Managing Events Systematically

Being good at problem-solving is critical to success in an organization. I’ve written quite a bit on problem-solving, but here I want to tackle the amount of effort we should apply.

Not all problems should be treated the same. There are also levels of problems. And these two aspects can contribute to some poor problem-solving practices.

It helps to look at problems systematically across our organization. The iceberg analogy is a pretty popular way to break this done focusing on Events, Patterns, Underlying Structure, and Mental Model.

Iceberg analogy

Events

Events start with the observation or discovery of a situation that is different in some way. What is being observed is a symptom and we want to quickly identify the problem and then determine the effort needed to address it.

This is where Art Smalley’s Four Types of Problems comes in handy to help us take a risk-based approach to determining our level of effort.

Type 1 problems, Troubleshooting, allows us to set problems with a clear understanding of the issue and a clear pathway. Have a flat tire? Fix it. Have a document error, fix it using good documentation practices.

It is valuable to work the way through common troubleshooting and ensure the appropriate linkages between the different processes, to ensure a system-wide approach to problem solving.

Corrective maintenance is a great example of troubleshooting as it involved restoring the original state of an asset. It includes documentation, a return to service and analysis of data. From that analysis of data problems are identified which require going deeper into problem-solving. It should have appropriate tie-ins to evaluate when the impact of an asset breaking leads to other problems (for example, impact to product) which can also require additional problem-solving.

It can be helpful for the organization to build decision trees that can help folks decide if a given problem stays as troubleshooting or if it it also requires going to type 2, “gap from standard.”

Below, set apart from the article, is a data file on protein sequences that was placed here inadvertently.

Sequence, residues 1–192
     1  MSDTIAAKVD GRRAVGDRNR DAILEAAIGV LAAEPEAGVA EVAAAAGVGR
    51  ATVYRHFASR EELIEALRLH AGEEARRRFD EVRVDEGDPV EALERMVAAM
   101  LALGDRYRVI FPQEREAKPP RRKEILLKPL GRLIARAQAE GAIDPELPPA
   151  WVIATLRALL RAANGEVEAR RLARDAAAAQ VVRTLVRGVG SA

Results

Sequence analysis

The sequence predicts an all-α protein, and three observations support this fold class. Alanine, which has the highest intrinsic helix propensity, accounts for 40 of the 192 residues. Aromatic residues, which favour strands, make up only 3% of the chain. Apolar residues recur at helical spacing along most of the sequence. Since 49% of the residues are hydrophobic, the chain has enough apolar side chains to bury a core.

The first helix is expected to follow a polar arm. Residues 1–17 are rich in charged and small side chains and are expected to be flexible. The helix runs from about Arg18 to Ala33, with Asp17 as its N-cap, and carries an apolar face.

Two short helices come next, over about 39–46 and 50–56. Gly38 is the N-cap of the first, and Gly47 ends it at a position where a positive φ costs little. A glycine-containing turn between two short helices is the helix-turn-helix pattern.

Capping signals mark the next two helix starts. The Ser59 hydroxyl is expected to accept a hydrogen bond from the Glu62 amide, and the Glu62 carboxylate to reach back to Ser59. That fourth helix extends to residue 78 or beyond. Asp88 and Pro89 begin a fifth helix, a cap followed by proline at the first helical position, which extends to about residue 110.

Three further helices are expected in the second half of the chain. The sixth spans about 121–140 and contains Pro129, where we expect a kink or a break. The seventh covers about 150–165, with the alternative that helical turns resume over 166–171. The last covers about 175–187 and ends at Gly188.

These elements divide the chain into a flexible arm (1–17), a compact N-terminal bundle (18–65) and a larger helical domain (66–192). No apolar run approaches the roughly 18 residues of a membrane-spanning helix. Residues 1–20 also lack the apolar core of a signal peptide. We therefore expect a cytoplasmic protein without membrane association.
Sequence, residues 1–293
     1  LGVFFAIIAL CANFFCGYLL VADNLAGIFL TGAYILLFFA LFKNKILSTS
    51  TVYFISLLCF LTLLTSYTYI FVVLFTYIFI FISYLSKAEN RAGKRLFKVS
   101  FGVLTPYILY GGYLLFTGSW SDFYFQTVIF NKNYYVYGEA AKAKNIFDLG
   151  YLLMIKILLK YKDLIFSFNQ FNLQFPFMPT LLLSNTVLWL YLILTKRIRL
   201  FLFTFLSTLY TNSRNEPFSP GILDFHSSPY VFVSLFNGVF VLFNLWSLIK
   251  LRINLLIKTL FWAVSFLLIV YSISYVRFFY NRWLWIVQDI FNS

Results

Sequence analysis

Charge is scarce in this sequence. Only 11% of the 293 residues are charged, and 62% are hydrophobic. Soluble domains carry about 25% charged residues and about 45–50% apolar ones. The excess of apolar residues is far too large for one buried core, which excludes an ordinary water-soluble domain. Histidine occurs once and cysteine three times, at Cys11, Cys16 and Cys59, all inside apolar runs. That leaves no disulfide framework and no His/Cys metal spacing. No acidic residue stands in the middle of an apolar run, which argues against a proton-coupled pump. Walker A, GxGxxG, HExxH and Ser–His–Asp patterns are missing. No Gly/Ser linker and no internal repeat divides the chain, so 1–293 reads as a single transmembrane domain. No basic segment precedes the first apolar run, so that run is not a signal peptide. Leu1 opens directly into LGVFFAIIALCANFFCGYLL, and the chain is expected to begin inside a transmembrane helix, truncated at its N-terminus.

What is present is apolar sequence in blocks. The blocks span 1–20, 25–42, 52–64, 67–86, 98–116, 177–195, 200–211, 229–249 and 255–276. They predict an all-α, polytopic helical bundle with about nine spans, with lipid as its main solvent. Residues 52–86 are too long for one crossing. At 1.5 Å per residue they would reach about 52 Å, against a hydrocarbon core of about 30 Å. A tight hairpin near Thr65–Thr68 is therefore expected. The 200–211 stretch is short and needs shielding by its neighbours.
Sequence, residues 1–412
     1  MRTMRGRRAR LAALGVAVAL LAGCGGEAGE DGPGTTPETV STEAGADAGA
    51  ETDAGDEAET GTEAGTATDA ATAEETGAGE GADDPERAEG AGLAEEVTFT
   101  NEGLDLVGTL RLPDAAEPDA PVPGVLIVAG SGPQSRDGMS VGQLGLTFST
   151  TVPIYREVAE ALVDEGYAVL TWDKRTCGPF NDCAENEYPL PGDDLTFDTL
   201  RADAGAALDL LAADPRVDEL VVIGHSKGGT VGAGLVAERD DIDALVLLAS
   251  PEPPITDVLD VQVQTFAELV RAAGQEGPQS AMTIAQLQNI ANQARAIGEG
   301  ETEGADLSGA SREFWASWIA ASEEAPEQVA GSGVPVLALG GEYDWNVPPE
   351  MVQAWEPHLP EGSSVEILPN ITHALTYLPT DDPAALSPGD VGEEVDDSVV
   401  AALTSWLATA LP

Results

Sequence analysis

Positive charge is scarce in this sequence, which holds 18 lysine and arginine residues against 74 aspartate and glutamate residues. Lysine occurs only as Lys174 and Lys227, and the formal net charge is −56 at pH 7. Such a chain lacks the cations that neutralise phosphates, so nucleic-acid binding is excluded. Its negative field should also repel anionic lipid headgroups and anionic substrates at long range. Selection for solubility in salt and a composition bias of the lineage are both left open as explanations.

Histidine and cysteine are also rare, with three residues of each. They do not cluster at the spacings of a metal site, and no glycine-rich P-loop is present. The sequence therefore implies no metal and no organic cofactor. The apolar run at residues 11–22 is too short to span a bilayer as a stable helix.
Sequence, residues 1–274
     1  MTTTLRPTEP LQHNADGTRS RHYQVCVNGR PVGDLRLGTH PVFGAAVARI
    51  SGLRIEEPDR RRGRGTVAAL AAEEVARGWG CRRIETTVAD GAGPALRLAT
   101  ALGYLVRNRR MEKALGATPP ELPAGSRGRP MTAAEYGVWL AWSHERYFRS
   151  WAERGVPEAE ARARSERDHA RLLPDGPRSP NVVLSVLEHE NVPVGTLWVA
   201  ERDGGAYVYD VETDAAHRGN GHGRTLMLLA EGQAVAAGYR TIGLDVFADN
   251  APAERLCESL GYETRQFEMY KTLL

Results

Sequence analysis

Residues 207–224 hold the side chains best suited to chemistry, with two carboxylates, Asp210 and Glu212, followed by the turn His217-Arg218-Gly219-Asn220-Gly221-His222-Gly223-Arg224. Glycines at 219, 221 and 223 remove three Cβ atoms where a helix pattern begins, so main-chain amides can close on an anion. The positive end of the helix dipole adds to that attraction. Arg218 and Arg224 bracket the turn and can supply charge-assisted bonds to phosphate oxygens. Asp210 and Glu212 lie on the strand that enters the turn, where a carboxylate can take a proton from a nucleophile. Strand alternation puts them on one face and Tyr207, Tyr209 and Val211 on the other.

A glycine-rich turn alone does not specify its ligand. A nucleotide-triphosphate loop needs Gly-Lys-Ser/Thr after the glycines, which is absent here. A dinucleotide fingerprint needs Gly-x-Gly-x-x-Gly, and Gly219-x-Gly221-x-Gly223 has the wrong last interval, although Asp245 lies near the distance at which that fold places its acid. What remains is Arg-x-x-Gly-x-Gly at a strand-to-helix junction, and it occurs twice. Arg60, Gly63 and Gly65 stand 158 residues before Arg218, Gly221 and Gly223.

Type 2 problems, gap from standard, means that the actual result does not meet the expected and there is a potential of not meeting the core requirements (objectives) of the process, product, or service. This is the place we start deeper problem-solving, including root cause analysis.

Please note that often troubleshooting is done in a type 2 problem. We often call that a correction. If the bioreactor cannot maintain temperature during a run, that is a type 2 problem but I am certainly going to immediately apply troubleshooting as well. This is called a correction.

Take documentation errors. There is a practice in place, part of good documentation practices, for addressing troubleshooting around documents (how to correct, how to record a comment, etc). By working through the various ways documentation can go wrong, applying which ones are solved through troubleshooting and don’t involve type 2 problems, we can create a lot of noise in our system.

Core to the quality system is trending, looking for possible signals that require additional effort. Trending can help determine where problems lay and can also drive up the level of effort necessary.

Underlying Structure

Root Cause Analysis is about finding the underlying structure of the problem that defines the work applied to a type 2 problem.